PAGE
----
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New York mayor Eric Adams is heckled as he honors Martin Luther King Jr’s legacy

New York mayor Eric Adams was heckled by a fan as he delivered a speech honoring the impact on the civil rights movement that Martin Luther King Jr had.

Making an appearance on Martin Luther King Day at Madison Square Garden, Mayor Adams spoke to the resident fans before the game between the Knicks and the Charlotte Hornets began. 

During his speech, Adams said of Martin Luther King Jr: ‘When the civil rights battle was on the line, Dr. King wanted the ball in his hand, and he gave his life to ensure that our country would be a better place for all of us.’ 

However, part-way through his address, Adams was interrupted by a shout from the crowd.

New York mayor Eric Adams (pictured during during BAM the 36th Brooklyn Tribute to Dr. Martin Luther King, Jr. on Monday), was heckled as he delivered a tribute to Martin Luther King Jr in the build up to a Knicks game

In a video clip recorded during the speech and shared on Twitter by a reporter from The Athletic, a member of the crowd can be heard yelling: ‘Shut the f*** up!’ 

The heckle was then followed up by laughter from some other members of the crowd – though it did not prevent Adams from finishing speaking.

He continued: ‘Right now, we want the ball in our hand again as we deal with Covid, as we deal with crime, as we deal with uncertainty. Let’s win this for team New York, for team America. Let’s take the ball.’ 

It comes after President Joe Biden took aim at Republican state legislatures passing election security laws in his speech marking Martin Luther King Jr. on Monday.

In a video clip recorded during Adams' address, a member of the crowd can be heard yelling: 'Shut the f*** up!' A few other visitors can also be heard laughing at the outburst

In a video clip recorded during Adams’ address, a member of the crowd can be heard yelling: ‘Shut the f*** up!’ A few other visitors can also be heard laughing at the outburst

The President used his address memorializing the slain civil rights leader to attack his rivals and push his federal voting legislation.

Biden called on elected officials to make ‘clear where they stand’ on voting reform after his most recent attempt to pass the federal legislation fell apart last week amid inter-Democratic Party squabbling.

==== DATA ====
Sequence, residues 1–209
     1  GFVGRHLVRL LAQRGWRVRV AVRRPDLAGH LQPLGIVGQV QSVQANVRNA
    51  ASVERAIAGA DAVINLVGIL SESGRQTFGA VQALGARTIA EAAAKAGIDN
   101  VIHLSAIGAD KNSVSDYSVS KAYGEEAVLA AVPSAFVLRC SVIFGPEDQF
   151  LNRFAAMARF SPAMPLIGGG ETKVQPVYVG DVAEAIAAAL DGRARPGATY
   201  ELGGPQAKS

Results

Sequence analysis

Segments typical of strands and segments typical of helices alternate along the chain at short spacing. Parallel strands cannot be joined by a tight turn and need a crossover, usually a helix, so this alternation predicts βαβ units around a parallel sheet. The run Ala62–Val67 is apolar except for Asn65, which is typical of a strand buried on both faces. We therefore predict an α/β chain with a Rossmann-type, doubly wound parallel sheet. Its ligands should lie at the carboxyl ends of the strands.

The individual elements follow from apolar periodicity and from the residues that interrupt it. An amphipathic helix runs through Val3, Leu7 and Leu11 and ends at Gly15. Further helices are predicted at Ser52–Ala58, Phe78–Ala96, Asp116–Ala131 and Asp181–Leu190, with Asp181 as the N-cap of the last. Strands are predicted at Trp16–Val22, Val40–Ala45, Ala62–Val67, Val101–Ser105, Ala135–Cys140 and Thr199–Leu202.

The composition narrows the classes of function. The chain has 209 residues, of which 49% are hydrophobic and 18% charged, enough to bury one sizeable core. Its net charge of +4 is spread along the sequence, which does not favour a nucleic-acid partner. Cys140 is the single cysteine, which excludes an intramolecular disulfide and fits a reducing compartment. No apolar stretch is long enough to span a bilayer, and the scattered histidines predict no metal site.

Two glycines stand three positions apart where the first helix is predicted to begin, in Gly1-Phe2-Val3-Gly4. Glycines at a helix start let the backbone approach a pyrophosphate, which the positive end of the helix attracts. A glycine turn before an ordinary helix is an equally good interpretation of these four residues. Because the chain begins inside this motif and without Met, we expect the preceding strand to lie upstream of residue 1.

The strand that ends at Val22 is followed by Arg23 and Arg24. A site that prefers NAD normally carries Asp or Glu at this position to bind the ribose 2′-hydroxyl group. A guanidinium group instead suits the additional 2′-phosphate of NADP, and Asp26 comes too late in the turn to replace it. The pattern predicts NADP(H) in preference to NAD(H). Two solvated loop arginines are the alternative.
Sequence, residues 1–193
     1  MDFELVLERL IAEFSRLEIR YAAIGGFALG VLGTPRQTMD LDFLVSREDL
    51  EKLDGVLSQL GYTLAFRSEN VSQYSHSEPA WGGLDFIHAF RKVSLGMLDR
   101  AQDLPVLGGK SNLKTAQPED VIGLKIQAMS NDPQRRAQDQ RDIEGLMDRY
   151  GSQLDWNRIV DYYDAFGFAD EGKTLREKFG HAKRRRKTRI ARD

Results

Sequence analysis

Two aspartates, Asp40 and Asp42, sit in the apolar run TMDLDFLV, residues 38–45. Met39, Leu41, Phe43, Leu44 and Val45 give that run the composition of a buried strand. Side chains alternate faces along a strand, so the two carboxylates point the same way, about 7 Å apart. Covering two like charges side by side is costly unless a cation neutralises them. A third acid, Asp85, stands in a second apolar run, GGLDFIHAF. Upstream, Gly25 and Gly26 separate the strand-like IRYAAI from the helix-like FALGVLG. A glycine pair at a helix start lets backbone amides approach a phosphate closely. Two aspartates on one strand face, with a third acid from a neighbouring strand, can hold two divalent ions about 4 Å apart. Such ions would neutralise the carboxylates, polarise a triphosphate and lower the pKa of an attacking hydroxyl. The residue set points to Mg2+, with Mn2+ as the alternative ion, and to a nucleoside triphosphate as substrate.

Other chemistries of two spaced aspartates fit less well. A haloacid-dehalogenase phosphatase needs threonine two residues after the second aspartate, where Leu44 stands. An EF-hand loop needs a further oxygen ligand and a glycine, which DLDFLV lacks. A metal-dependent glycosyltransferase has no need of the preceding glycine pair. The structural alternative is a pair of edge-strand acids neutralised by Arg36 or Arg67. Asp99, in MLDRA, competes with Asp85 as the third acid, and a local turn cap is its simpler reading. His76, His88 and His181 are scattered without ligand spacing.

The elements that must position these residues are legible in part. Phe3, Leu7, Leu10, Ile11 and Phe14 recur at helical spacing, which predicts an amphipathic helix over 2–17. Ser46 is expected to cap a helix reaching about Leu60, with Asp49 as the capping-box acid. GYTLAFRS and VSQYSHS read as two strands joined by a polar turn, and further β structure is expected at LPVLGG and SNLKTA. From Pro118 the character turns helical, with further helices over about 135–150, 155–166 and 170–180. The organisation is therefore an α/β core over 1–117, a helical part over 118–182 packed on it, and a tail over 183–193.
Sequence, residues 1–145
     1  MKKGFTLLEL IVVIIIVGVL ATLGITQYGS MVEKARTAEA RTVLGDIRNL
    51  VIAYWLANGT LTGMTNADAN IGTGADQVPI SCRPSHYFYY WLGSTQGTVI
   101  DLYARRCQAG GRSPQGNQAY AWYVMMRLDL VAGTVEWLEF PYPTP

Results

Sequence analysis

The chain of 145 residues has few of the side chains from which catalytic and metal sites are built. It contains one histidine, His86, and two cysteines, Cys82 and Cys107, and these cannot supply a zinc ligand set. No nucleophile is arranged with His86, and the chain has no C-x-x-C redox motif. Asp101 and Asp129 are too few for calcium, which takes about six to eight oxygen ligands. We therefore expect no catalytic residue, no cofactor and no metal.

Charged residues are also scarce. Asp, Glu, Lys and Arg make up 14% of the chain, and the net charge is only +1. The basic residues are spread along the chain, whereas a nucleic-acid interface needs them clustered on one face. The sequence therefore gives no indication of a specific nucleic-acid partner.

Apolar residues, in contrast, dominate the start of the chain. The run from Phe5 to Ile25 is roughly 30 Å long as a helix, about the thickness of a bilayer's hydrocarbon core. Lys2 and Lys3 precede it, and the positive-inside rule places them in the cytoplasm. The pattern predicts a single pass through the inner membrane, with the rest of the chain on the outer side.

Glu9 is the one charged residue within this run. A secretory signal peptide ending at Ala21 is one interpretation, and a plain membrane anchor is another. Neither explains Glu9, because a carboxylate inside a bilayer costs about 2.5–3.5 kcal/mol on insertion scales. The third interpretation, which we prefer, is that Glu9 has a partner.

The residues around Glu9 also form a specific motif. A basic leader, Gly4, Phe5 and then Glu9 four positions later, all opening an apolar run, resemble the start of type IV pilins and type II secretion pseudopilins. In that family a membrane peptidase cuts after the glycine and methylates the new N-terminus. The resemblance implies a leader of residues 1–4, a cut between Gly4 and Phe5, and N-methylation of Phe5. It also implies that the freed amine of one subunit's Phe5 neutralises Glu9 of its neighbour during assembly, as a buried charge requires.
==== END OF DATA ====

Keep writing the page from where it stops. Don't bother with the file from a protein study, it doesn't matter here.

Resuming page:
He compared today’s struggle over how to ensure free and fair elections to King’s hard-fought battle for equality and said the January 6 Capitol riot was proof that attacks on democracy from the right ‘are real.’ 

‘Vice President Harris and I visited Atlanta, Georgia, the cradle of civil rights in America,’ Biden began, referring to his trip early last week.

‘We paused and prayed at the crypt of Dr. and Mrs. King, we met members of their family…we met students who are changing the world just like generations of young people before them had done that — in fact, Dr. King was just one of those young people.’

Biden said King was a ’15-year-old student at Morehouse College’ when he set out on a path to a ‘promise that holds that we’re all created equal and deserve to be treated equally throughout our lives.’

‘Dr. King wasn’t just a dreamer of that promise, he was a doer. And on this federal holiday that honors him, it’s not just enough to praise him. We must commit to his unfinished work, to deliver jobs and justice, to protect the sacred right to vote, the right from which all other rights flow,’ he continued.

The president pivoted to a harsher tone as he accused Republicans of ‘attacking’ American democracy over their election security measures and once again invoked the deadly insurrection at the United States Capitol.

Biden said King 'held up a mirror to America' that's now being 'held up again'

Biden said King ‘held up a mirror to America’ that’s now being ‘held up again’ 

‘Attack (sic) on our democracy is real, from the January 6 insurrection to the onslaught of Republicans’ anti-voting laws in a number of states. It’s no longer just about who gets to vote. It’s about who gets to count the vote, and whether your vote counts at all,’ Biden said.

He said GOP efforts to strengthen security at the ballot box were about ‘two things: voter suppression and election subversion.’

‘In his time, through his courage, his conviction, his commitment, Dr. King held a mirror up to America and forced us to answer the question: Where do we stand? Whose side are we on?’ Biden said.

‘We’re in another moment right now, where the mirror is being held up to America, being held up again. The question being asked again: Where do we stand? Whose side are we on? Will we stand against voter suppression, yes or no? Will we stand against election subversion, yes or no?

‘Will we stand up for America where everyone is guaranteed the full protections and the full promise of this nation, yes or no?’

The president called on ‘elected officials’ nationwide to make their stance on voting rights reform clear.

‘I know where I stand. And it’s time for every elected official in America to make it clear where they stand,’ he said.

Biden, who won the White House on the promise of unifying the country, now urged all Americans to make clear ‘whose side are you on’ over voting rights.

‘It’s time for every American to stand up, speak out, be heard: where do you stand? Whose side are you on?’ he asked.